Pestel Analysis H&M, range of clothing, accessories to male, family market, ready-to-wear brands, ready-to-wear market, fashion
There is no other company such as H&M. Both in terms of identity, business model and location, the group, founded in Sweden at the end of the Second World War (1947) by Erling Persson, has established itself over the decades to acquire a place now central to global ready-to-wear market. Initially, Hennes was intended for a female clientele it became Hennes & Mauritz in 1968 and opened its range of clothing and accessories to a male and family market, as well. The group accelerated its growth thanks to its IPO in 1974 on the Stockholm Stock Exchange. Its name would change as well, as the Swedish ready-to-wear chain adopted the acronym 'H&M' as its final name in 1998.
Its highly recognisable red logo, combined with an excellent communications strategy, and a strategically developed sales network, is the source of its immense global success. In addition to the H&M brand, the group is made up of several brands with their own physical and online sales networks, such as COS, Monki, Weekday, Arket in particular.
[...] More recently, the group has been able to take into account this evolution in consumption practices and has made a rather effective ‘green' turn: many ranges sold have revised their productions to be based on more eco- responsible and natural fabrics: natural materials, recyclable, in particular. We can mention here the commitment made by the group to use 100% sustainable or recycled materials by 2030. F. Legal Legal issues are strategic in all industries, but very particularly in the fashion industry. On the other hand, the actors of luxury and haute couture are much more easily the targets of counterfeits. Conversely, in the consumer-ready-to-wear market in which H&M is a major player, intellectual property issues are less crucial. [...]
[...] Indeed, its low-cost positioning does not make it a privileged target. The legal issues for the H&M group are rather in its ability to stand out from other ready-to-wear chains by obtaining new partnerships that have a strong impact in terms of image, with the most popular stars or influencers to promote the brand. However, the group must increasingly meet the requirements legally defined by local markets, in terms of respect for human rights and ecology. One thinks in particular of the law ‘Rana Plaza' as it is nicknamed, adopted in France in March 2017, which imposes a duty of vigilance on multinational companies in their ecological and human impact. [...]
[...] Bibliography and references - H&M Group, Annual Report 2019, available online: [https://hmgroup.com/wp-content/uploads/2020/10/HM_Annual-Report-2019.pdf] - H&M Group, Annual Report 2018, available online: [https://hmgroup.com/wp-content/uploads/2020/09/Annual-Report-2018.pdf] - H&M Group, Annual Report 2017, available online: [https://hmgroup.com/wp-content/uploads/2020/09/Annual-Report-2017.pdf] - SHEN, Bin, Sustainable Fashion Supply Chain: Lessons from MDPI Journal, September 2014. - Fashion Network, April H&M continues its conversion to sustainable development, available online [https://fr.fashionnetwork.com/news/h-m-poursuit-sa-conversion-au- developpement-durable,813417.html] - Statista, H&M Analysis available online: [https://www.statista.com/statistics/268,522/number-of-stores-worldwide-of- the-hundm-group-by-country/] Annual report 2019, page 20. H & Annual report 2019, page 13. STATISTA, H&M Group 2019 Analysis, searchable report: [https://www.statista.com/statistics/268522/number-of-stores-worldwide-of- the-hundm-group-by-country/] Information from the H&M group website, available at: [https://career.hm.com/content/hmcareer/fr_fr/workingathm/get-to-know- us/faq/faq-production.html] In this regard, see the comparison made by the Craft site on the ready- to-wear market, available online: [https://craft.co/hm-clothing- company/competitors]. Annual report 2019, page 42. [...]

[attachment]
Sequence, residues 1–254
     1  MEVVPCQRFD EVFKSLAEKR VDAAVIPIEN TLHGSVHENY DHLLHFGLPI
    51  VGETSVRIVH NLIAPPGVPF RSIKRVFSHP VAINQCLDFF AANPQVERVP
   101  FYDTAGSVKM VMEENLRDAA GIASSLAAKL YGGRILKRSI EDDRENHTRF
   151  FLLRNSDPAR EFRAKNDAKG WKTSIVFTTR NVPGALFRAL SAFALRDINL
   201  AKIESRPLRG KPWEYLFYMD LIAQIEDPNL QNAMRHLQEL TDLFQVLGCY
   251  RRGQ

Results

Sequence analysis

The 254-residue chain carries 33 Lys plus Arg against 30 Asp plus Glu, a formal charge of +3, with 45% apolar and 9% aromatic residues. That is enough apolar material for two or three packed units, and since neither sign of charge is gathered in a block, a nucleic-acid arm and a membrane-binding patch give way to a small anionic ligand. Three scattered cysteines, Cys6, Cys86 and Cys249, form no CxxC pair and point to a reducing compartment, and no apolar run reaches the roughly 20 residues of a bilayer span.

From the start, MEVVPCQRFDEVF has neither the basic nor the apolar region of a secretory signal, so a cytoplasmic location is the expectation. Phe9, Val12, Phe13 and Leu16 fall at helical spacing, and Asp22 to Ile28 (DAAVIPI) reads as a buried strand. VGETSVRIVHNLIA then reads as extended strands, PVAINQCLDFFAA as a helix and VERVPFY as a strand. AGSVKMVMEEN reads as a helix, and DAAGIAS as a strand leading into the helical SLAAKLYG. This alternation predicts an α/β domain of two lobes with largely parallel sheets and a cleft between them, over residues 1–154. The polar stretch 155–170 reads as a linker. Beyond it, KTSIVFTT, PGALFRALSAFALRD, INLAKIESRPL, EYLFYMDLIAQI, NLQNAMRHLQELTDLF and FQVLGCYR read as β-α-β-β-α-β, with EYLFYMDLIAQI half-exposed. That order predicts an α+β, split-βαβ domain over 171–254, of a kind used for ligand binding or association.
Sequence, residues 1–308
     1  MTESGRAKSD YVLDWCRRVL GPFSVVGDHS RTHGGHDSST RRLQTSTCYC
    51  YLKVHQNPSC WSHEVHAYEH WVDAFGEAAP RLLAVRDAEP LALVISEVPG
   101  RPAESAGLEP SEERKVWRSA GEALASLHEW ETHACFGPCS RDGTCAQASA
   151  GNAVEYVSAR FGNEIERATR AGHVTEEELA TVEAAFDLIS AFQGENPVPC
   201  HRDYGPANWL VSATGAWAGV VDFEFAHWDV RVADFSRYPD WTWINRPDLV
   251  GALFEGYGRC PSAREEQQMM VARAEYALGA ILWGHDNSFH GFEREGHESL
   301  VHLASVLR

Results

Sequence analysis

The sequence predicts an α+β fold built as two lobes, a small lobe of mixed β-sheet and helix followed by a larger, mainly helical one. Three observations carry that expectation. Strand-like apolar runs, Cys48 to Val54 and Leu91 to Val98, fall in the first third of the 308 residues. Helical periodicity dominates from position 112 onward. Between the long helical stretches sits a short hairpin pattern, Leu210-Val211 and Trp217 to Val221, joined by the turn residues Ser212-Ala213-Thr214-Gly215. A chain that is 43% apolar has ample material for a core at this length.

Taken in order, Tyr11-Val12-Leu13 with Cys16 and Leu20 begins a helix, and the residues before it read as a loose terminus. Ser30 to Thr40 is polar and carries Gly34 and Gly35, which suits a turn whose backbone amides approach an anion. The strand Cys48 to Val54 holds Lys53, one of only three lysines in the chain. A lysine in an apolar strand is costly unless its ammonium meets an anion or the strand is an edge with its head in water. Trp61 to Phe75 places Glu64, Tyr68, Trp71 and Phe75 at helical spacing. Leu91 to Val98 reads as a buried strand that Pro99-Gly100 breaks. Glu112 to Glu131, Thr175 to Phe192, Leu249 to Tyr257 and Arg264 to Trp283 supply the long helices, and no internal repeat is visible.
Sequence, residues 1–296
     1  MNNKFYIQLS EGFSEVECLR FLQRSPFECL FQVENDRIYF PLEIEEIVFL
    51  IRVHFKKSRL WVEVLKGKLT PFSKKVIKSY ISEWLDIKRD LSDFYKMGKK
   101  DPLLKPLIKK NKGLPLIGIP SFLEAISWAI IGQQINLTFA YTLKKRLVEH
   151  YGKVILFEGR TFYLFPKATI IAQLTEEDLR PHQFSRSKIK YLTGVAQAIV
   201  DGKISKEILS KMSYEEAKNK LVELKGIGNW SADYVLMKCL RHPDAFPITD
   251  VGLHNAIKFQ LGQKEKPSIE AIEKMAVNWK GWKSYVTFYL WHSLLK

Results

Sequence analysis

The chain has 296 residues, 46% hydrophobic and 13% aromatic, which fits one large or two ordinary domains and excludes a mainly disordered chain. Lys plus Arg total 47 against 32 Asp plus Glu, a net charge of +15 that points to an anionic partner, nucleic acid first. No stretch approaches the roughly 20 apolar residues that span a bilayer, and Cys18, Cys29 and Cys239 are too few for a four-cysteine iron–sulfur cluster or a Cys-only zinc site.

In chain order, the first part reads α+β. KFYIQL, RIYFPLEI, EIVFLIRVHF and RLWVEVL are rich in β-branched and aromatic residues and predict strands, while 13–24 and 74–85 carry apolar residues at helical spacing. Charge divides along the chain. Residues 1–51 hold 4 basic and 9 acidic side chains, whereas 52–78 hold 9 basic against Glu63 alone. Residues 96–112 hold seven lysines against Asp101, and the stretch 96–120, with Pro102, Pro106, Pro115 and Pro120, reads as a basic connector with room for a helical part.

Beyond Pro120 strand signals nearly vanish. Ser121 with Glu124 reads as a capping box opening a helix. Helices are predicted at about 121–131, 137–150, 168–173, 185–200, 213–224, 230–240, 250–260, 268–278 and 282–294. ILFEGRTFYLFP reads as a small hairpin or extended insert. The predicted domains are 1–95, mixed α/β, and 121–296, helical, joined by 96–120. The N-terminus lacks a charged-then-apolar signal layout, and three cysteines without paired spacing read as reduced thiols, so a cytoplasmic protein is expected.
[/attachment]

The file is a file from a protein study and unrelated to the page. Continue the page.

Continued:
[...] This fragility of the model is all the greater since the goods offered by low-cost ready-to-wear brands are highly substitutable, the price criterion being the primary argument of consumers of these brands, wherein segments more upscale in the fashion industry, the quality and uniqueness of the products, guide consumer choices much more strongly. More recently, the global recession looming with the health crisis caused by COVID-19 constitutes a great threat to ready-to-wear brands via a growing precariousness of consumers and a reorientation of consumer choices in priority towards essential goods. We can still put into perspective the threat of this crisis for the fashion market, clothing remaining a necessity as much as food. But the frenzy of ‘fast fashion' has undoubtedly slowed down since the start of this crisis. C. [...]
[...] PESTEL Analysis – H&M I. Introduction A. The H&M Group global fashion empire. There is no other company such as H&M. Both in terms of identity, business model and location, the group, founded in Sweden at the end of the Second World War (1947) by Erling Persson, has established itself over the decades to acquire a place now central to global ready-to-wear market. Initially, Hennes was intended for a female clientele it became Hennes & Mauritz in 1968 and opened its range of clothing and accessories to a male and family market, as well. [...]
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